• February 1-5. Counterexamples (section 5), sets (section 9). Homework problems: From the textbook, exercises 5.4, 5.6, 5.9, Chapter 1 self-test 10, 11, 15, 18, 9.1, 9.2, 9.5, 9.6, 9.10.
• February 8-12. Sections 7, 9, 11. Homework problems: From the textbook, exercises 7.4, 7.7, 7.9, 7.12, 7.14, 9.3, 11.1, 11.3, 11.5, 11.17. Recall that the first midterm is next week, on Wednesday, February 17. This homework is due Wednesday. I will have office hours on Tuesday at 10:40-11:30.
• February 16-19. Section 10. Homework problems: From the textbook, exercises 10.1, 10.2, 10.3, 10.4, 10.6.
• February 22-26. Section 13. Homework problems: Self-referential test (let me know if you need a copy). 13.1, 13.2, 13.6, 13.7, 13.11, 13.12.
• March 1-5. Section 14. Homework problems: 14.1, 14.2, 14.5, 14.8, 14.13, 15.1. Prove the very important property of equivalence relations: The collection of equivalence classes of an equivalence relation on a set $X$ forms a partition the set $X$ (into pairwise disjoint non-empty subsets).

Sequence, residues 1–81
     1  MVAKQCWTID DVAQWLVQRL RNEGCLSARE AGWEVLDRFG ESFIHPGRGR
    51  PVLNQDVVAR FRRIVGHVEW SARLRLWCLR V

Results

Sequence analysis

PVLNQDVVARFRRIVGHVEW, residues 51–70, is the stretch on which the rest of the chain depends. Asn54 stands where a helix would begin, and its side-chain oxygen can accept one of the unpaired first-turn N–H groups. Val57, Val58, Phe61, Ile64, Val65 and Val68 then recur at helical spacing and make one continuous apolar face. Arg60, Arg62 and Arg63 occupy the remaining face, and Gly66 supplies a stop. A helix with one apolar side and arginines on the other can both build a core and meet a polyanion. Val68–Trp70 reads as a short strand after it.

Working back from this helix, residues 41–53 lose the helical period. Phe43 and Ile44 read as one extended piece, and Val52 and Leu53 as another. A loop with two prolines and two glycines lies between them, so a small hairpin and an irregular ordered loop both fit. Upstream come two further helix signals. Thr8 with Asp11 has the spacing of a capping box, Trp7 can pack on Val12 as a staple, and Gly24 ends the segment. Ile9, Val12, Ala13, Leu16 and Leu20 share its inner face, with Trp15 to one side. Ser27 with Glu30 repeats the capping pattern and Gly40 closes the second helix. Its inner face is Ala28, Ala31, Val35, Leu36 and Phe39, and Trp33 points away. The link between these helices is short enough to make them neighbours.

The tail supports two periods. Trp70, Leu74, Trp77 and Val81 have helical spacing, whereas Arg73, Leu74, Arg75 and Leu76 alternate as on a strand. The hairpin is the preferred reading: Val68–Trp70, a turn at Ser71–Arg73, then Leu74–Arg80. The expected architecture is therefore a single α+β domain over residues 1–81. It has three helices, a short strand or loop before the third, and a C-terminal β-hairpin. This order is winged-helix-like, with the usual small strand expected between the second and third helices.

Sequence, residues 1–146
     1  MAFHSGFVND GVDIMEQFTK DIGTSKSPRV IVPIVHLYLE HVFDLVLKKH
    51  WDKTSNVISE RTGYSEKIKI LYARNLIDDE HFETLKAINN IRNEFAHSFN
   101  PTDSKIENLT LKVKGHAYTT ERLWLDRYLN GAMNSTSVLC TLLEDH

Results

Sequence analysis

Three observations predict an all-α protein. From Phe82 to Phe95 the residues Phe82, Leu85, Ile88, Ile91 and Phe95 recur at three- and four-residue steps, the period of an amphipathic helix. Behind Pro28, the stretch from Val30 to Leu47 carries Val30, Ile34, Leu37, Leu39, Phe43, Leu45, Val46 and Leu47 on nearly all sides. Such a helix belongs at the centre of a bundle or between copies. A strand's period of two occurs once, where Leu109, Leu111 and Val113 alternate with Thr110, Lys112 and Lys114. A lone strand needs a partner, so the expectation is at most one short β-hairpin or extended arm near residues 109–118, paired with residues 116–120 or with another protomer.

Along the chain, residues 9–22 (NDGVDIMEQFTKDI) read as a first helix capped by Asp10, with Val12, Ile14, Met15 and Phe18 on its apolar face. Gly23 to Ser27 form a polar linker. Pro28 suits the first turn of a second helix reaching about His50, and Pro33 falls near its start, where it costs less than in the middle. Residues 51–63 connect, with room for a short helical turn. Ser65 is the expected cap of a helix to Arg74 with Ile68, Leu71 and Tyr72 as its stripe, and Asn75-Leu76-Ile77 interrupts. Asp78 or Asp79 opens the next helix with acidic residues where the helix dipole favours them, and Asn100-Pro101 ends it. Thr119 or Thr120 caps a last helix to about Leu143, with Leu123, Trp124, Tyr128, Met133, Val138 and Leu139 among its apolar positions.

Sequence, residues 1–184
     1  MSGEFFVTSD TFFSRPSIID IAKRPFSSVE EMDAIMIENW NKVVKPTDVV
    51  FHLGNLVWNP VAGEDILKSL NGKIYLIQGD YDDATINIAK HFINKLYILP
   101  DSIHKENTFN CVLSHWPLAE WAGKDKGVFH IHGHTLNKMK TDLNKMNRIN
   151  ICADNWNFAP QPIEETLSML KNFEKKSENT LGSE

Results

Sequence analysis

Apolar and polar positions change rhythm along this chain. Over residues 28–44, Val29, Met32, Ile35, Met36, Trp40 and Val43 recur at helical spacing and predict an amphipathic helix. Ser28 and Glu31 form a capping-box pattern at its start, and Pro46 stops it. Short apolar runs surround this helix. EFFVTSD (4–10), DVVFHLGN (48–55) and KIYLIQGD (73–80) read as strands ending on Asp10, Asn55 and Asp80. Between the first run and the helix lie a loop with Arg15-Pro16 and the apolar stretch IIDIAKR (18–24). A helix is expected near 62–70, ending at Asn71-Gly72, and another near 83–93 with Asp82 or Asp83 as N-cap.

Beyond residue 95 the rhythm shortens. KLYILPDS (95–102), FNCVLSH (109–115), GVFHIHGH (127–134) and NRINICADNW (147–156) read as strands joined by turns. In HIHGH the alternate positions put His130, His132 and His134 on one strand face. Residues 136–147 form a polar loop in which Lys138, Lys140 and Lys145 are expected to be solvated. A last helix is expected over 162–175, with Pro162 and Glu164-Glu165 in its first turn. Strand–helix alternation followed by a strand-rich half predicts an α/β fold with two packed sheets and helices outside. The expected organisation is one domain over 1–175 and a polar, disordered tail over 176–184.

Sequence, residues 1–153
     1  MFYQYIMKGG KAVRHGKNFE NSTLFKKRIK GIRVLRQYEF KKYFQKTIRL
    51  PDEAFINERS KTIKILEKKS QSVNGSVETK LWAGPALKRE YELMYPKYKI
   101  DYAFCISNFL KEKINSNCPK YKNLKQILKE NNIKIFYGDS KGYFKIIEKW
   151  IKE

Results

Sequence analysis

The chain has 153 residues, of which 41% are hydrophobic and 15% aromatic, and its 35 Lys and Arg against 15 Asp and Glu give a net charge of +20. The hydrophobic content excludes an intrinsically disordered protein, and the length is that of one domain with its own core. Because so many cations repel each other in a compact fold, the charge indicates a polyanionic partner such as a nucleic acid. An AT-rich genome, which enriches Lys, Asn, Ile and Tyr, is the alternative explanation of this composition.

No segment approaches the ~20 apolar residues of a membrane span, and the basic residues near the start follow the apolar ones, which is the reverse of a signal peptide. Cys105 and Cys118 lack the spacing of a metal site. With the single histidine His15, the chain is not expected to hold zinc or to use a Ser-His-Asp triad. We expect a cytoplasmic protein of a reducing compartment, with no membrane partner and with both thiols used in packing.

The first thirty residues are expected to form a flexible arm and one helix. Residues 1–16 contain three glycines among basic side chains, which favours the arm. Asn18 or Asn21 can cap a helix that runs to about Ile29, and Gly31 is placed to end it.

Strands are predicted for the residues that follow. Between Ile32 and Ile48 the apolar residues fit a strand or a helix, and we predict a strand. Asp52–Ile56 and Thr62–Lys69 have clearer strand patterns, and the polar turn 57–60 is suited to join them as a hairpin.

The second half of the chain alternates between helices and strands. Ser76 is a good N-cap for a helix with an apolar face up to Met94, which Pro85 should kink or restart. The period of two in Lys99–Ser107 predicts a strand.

• March 8-12. Sections 20, 21. Homework problems: 20.1, 20.2, 20.3, 20.6, 20.7, 21.3, 21.4.
• March 15-19. Sections 21, 34. Homework problems: 21.6, 21.7, 21.8, 34.1, 34.2. Recall that the second midterm is Tuesday, March 23.
• March 22-26. Sections 35, 23. Homework problems: 34.9, 35.1, 35.2, 35.3, 35.8, 35.11, 35.12, 35.13, 35.14, 23.1, 23.9, 23.11, 23.12, 23.13, 23.14, 23.15.
• April 5-9. Sections 24. Homework problems: 24.1, 24.2, 24.4, 24.7, 24.9.
• April 12-16. Section 36. Homework Problems: 36.1, 36.2, 36.3, 36.5, 36.10. (In 36.1.e, the answer is 6, according to the definition given in lecture of the elements of ${\mathbb Z}_n$ as equivalence classes, but not according to the book’s version of things; see the comment by R. Yingling below.)
• April 19-23. Section 46. Homework Problems: 46.1-8, 46.16, 46.18.